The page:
DULAC, Edmund (illustrator). Mary CRARY (author). The Daughters of the Stars. London; Hatchard & Co. 1939.
4to. Original cream vellum-backed grey cloth boards, leather spine label lettered gilt, untrimmed at fore- and lower edges, dark blue ribbon marker, preserved in original yellow pictorial dustwrapper with the original unprinted glassine; pp. [x] + 189; illustrated with 2 fine coloured plates by Dulac, decorative scrolls throughout, sun and moon designs to limitation leaf, all by Dulac; a fine copy, both internally and externally, protected by a fine original glassine and yellow pictorial jacket with overall dust-soiling and light marking, chipping to head of spine with an associated short closed tear (20mm), nicking to corners, and small loss to top fore-corner of upper panel (20 x 10mm).
First edition de luxe, limited to only 500 numbered copies (of which this is 155), signed by both Dulac and the author. This publication has an interesting history: it was almost swallowed up by the outbreak of the Second World War and had to be rushed into print even though Dulac had only completed two paintings. It was also distributed in the United States and sold at Brentano's. Copies marketed this way were stamped, on the verso of the title, "Made and Printed in Great Britain/At the Surrey Fine Art Press", as is the case with this example. Copies of the book that remained unsold were later covered, over the glassine, by a yellow dustwrapper priced at $4.00 (as here).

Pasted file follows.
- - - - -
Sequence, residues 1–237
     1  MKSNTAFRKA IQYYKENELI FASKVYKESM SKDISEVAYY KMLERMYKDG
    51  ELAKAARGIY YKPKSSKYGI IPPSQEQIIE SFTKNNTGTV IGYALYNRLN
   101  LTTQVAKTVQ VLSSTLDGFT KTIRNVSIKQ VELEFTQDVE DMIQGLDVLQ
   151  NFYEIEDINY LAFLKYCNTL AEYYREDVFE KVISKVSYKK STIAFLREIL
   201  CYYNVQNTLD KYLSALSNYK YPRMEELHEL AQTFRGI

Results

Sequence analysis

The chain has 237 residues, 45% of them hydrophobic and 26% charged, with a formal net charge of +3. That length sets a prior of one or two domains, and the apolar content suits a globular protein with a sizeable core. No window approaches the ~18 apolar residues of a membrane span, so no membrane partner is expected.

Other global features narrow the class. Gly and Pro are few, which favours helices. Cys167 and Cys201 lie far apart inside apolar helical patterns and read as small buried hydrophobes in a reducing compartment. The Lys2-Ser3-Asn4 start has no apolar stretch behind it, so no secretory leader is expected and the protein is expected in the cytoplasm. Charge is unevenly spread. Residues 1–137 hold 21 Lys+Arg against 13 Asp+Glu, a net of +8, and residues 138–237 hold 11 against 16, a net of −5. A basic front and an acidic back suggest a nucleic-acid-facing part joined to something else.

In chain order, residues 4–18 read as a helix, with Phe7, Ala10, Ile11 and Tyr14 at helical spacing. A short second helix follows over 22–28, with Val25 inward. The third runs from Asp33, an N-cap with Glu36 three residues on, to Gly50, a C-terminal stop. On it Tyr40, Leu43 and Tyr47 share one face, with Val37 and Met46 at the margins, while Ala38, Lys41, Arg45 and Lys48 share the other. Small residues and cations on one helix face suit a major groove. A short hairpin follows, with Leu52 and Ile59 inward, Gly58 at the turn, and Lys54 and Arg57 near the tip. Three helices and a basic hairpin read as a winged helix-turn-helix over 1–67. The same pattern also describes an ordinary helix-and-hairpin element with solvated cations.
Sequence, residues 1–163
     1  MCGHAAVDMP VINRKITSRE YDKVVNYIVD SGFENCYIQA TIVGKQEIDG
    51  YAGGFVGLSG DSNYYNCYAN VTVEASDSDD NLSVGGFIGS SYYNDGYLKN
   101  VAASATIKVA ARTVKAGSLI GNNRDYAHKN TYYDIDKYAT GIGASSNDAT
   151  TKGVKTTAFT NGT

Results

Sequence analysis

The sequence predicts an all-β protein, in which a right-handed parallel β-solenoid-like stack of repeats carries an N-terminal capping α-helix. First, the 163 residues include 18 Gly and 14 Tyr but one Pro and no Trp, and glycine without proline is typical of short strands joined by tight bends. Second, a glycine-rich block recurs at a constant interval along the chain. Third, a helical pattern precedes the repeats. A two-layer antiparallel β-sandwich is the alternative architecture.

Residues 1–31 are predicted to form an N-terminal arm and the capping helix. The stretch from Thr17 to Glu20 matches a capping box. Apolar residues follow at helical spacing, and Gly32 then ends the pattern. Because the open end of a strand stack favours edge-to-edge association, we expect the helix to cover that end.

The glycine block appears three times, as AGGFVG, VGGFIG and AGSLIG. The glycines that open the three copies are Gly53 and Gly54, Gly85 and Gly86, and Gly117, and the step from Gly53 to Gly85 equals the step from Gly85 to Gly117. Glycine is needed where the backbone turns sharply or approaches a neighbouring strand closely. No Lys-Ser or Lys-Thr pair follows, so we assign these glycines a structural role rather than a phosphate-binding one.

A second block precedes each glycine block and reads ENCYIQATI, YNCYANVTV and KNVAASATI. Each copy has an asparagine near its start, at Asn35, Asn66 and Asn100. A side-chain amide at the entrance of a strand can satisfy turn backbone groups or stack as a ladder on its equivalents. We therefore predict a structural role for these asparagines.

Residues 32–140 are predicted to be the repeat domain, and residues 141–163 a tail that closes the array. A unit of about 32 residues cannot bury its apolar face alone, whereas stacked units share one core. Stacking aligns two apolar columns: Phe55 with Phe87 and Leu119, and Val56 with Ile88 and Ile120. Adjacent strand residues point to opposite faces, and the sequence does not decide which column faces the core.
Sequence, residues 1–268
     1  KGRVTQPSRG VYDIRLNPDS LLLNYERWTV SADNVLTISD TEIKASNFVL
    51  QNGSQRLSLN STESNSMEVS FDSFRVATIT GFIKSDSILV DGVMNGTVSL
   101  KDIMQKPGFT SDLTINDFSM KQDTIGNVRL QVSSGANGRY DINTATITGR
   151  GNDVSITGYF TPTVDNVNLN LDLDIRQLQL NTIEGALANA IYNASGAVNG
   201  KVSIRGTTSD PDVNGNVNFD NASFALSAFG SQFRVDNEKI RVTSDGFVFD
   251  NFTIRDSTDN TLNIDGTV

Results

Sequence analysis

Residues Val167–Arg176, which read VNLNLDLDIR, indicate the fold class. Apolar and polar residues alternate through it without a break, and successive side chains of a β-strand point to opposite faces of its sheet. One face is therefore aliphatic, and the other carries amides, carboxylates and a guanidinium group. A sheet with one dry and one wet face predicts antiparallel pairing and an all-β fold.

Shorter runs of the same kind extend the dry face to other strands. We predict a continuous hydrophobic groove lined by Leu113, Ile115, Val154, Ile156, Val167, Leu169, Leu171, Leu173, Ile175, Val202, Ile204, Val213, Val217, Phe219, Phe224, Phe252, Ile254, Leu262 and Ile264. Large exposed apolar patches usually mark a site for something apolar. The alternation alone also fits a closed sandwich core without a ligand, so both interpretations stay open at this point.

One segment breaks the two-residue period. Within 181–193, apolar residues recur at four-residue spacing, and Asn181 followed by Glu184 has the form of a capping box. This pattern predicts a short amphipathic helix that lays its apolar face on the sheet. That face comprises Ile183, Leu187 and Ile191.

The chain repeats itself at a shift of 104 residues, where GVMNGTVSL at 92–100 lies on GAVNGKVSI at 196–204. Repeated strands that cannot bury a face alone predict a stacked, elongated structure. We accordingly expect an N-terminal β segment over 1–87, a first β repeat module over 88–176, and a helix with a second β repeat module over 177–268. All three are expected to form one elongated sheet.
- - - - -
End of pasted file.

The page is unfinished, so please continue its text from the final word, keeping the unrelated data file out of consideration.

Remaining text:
The fairy tale was well promoted at the time with Hatchards giving over a window display to its presentation. It was also reviewed in the U.S. as "... full of grace, beauty, wit, humor and charm" with Dulac's typically mystical blue and silver paintings generally acknowledged as adding to its appeal. The author's own mother was one of the book's most fiercest promoters, comparing her daughter's writing genius with that of Dickens. (Hughey: Edmund Dulac, His Book Illustrations. 91).